Proteolysis: from the lysosome to ubiquitin and the proteasome


How the genetic code is translated into proteins was a key focus of biological research before the 1980s, but how these proteins are degraded remained a neglected area. With the discovery of the lysosome, it was suggested that cellular proteins are degraded in this organelle. However, several independent lines of experimental evidence strongly indicated that non-lysosomal pathways have an important role in intracellular proteolysis, although their identity and mechanisms of action remained obscure. The discovery of the ubiquitin–proteasome system resolved this enigma.

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Figure 1: The lysosome.
Figure 2: Some of the various functions of modification by ubiquitin and ubiquitin-like proteins.


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A.C. is supported by: the Prostate Cancer Foundation (PCF) Israel — Centers of Excellence Program; the Israel Science Foundation — Centers of Excellence Program; a Professorship that is funded by the Israel Cancer Research Fund (ICRF) USA; and the Foundation for Promotion of Research in the Technion. Infrastructural equipment for experimental work in the Cancer and Vascular Biology Center, Rappaport Faculty of Medicine and Research Institute, Technion-Israel Institute of Technology, Haifa, Israel, has been purchased with the support of the Wolfson Charitable Fund — Center of Excellence for studies on the turnover of cellular proteins and its implications to human diseases.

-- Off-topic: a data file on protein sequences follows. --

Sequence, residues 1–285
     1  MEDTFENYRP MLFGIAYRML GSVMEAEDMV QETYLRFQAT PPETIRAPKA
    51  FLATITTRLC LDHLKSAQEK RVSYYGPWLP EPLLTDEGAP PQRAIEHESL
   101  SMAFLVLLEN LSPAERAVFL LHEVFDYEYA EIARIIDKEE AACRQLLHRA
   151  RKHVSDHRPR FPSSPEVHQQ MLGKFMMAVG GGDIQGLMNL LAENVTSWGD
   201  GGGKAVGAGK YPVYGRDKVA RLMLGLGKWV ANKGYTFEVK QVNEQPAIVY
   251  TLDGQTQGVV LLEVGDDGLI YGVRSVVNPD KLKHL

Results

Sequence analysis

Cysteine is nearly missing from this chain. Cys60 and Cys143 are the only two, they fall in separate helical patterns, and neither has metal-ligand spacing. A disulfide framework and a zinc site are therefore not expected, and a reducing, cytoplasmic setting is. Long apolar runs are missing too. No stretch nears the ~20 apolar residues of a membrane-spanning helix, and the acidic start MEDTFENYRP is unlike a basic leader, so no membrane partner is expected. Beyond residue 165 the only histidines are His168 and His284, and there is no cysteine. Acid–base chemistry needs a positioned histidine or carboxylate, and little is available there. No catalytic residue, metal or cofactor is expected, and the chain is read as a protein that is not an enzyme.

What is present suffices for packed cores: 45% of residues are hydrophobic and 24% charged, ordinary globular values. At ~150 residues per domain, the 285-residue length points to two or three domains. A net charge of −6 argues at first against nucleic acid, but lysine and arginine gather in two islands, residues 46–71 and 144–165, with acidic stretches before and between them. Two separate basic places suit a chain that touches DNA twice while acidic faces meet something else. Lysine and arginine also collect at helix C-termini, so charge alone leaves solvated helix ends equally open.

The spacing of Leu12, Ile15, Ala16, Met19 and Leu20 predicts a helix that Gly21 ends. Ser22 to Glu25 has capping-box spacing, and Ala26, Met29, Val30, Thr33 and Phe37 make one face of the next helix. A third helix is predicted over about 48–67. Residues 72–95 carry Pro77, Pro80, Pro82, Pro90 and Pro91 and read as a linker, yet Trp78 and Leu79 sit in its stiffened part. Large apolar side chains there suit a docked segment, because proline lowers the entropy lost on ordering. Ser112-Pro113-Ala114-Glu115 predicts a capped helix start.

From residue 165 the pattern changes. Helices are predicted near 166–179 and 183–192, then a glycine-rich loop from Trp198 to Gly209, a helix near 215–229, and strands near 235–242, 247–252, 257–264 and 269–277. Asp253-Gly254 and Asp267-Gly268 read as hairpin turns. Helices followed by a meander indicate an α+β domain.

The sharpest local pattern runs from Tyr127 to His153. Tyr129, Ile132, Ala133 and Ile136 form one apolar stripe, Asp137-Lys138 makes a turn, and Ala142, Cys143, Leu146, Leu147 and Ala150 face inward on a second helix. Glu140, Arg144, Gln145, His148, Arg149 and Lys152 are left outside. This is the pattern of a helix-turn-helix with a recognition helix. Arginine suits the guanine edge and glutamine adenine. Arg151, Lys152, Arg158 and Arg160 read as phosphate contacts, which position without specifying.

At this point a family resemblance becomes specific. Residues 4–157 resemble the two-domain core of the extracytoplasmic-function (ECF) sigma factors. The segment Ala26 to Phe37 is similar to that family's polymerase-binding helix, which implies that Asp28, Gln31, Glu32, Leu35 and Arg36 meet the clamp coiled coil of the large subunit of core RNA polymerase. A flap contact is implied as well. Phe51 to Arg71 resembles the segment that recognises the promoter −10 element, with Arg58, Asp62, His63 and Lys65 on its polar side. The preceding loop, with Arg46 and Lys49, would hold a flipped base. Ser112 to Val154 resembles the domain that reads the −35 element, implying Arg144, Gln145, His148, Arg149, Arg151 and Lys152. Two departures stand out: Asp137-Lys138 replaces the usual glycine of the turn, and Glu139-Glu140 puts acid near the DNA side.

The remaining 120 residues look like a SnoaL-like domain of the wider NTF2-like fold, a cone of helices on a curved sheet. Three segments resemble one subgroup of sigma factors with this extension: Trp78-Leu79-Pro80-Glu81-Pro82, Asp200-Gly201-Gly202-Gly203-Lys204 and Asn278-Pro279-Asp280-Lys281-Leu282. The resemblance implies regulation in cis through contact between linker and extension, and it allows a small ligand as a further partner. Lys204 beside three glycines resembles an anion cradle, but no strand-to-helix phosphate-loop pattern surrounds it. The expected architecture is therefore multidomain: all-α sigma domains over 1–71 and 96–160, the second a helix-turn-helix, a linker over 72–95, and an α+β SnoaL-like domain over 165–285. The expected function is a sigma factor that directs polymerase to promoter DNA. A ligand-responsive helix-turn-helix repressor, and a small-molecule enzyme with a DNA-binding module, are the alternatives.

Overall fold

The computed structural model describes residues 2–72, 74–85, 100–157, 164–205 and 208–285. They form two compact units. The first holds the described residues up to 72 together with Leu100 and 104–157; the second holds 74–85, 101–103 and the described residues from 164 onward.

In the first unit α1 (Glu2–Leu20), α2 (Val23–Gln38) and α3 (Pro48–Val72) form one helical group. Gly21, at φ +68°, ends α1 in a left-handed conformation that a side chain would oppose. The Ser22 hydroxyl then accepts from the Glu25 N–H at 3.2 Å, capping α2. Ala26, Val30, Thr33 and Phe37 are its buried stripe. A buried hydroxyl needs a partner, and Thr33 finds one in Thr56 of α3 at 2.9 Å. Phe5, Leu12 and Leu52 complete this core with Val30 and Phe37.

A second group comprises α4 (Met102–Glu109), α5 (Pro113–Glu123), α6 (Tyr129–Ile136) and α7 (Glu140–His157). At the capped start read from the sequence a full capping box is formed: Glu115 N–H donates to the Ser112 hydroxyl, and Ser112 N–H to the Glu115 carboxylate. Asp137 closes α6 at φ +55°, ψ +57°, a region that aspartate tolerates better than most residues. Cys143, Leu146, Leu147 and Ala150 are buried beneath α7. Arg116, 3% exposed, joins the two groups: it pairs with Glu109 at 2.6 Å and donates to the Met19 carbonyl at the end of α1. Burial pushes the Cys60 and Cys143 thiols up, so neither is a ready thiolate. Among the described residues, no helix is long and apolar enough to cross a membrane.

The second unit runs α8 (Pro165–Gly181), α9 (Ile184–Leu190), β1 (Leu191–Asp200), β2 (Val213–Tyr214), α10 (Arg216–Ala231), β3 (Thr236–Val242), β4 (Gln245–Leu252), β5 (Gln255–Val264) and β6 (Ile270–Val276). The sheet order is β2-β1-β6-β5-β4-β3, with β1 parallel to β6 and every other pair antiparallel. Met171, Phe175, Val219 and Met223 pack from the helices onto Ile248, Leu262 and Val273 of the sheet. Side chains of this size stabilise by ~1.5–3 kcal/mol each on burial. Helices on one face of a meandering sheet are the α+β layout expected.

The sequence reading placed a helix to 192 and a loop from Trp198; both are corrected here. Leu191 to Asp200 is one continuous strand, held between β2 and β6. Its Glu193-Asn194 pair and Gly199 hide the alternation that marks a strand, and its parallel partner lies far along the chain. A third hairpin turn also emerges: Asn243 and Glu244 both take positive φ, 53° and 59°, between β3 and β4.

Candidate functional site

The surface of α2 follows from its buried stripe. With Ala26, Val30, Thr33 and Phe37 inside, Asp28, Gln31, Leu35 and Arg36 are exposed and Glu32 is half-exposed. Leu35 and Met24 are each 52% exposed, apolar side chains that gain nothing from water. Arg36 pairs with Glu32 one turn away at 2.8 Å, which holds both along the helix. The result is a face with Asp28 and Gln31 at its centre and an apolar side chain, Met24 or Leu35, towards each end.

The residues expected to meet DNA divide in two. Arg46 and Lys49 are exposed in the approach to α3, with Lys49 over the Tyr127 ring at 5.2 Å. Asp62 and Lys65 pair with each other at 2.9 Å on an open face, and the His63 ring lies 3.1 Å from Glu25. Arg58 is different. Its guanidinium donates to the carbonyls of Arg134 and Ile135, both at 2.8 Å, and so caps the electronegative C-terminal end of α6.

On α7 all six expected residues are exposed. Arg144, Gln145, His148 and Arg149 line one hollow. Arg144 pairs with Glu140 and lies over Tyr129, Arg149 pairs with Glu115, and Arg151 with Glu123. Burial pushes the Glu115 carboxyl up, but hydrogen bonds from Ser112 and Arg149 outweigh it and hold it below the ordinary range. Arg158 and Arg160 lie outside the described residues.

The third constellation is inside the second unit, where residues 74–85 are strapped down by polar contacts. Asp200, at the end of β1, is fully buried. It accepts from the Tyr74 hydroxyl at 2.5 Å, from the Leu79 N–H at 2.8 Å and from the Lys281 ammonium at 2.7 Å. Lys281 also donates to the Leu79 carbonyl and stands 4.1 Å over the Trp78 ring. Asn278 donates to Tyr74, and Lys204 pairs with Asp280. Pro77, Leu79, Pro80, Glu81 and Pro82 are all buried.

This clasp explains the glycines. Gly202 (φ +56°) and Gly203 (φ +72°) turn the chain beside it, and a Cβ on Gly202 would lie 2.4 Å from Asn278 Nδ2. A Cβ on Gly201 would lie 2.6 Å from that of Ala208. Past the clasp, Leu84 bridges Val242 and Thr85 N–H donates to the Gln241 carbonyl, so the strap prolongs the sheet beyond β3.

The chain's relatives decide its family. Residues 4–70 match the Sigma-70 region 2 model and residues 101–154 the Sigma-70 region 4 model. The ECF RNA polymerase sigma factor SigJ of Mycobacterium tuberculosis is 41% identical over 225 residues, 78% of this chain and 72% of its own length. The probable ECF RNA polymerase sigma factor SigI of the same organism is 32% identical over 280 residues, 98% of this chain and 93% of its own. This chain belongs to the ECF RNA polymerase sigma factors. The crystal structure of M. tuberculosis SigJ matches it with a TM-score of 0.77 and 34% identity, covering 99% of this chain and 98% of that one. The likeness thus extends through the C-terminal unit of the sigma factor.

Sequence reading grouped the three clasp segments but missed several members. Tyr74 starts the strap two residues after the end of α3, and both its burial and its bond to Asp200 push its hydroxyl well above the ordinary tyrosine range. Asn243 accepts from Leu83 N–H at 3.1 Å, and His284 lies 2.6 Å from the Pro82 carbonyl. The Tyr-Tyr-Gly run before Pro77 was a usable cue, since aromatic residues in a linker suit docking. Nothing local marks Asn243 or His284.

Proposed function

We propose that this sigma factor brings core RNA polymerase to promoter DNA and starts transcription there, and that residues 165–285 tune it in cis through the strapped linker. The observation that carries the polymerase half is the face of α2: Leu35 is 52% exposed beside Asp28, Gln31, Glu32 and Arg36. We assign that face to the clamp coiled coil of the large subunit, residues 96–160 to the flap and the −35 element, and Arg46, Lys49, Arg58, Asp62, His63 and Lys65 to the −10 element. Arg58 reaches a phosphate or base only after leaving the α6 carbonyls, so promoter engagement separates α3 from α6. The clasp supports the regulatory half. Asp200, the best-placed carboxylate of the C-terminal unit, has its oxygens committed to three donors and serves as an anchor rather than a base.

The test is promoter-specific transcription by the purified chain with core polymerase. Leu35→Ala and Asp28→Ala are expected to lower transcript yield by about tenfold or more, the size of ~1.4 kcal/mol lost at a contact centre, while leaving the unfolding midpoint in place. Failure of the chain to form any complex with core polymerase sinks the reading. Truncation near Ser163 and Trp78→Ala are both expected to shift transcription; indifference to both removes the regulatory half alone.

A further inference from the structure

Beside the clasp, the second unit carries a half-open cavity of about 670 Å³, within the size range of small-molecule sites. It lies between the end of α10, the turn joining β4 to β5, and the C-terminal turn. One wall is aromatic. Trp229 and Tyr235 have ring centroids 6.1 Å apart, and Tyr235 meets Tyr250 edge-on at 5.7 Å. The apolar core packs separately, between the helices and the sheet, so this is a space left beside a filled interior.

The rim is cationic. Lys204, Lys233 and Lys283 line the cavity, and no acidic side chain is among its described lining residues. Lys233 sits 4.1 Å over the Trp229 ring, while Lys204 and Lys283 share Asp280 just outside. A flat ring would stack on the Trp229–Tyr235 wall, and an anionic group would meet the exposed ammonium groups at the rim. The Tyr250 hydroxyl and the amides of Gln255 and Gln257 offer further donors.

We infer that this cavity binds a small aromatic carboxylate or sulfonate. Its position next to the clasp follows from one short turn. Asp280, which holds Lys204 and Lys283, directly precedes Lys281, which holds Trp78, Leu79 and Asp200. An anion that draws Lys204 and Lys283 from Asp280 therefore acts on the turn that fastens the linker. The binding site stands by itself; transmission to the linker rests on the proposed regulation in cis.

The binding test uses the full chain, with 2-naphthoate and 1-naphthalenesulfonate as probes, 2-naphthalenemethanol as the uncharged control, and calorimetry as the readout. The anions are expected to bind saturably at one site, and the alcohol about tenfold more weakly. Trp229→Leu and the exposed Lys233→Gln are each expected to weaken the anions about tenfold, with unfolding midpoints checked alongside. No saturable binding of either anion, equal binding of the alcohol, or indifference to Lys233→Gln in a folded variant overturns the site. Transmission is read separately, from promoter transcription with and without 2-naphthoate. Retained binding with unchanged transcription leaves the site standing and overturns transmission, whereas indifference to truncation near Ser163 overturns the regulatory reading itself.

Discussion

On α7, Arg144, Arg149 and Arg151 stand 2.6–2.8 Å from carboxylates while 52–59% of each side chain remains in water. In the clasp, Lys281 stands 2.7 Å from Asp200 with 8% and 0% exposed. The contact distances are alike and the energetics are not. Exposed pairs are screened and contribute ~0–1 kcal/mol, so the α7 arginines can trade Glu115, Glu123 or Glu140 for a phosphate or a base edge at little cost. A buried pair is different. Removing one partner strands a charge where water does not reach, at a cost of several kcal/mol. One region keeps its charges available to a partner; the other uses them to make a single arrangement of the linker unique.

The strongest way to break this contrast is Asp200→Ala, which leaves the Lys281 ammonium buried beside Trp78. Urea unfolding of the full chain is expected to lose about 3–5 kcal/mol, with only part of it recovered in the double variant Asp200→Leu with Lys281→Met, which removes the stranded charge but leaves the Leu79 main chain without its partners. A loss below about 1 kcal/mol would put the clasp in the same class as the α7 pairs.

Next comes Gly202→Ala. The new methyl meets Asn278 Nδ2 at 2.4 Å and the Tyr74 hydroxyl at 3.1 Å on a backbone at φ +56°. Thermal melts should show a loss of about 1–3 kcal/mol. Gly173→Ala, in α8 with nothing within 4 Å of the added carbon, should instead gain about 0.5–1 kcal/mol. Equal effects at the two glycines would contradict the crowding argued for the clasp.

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Saccharomyces genome database






Pfam: Ubiquitin family


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Regulated Protein Turnover Resources Site: Ubiquitin Ligases and Diseases

The Pathway of Protein Ubiquitinylation

The Proteasome

The Proteasomes

The Ubiquitin System

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Ciechanover, A. Proteolysis: from the lysosome to ubiquitin and the proteasome. Nat Rev Mol Cell Biol 6, 79–87 (2005).

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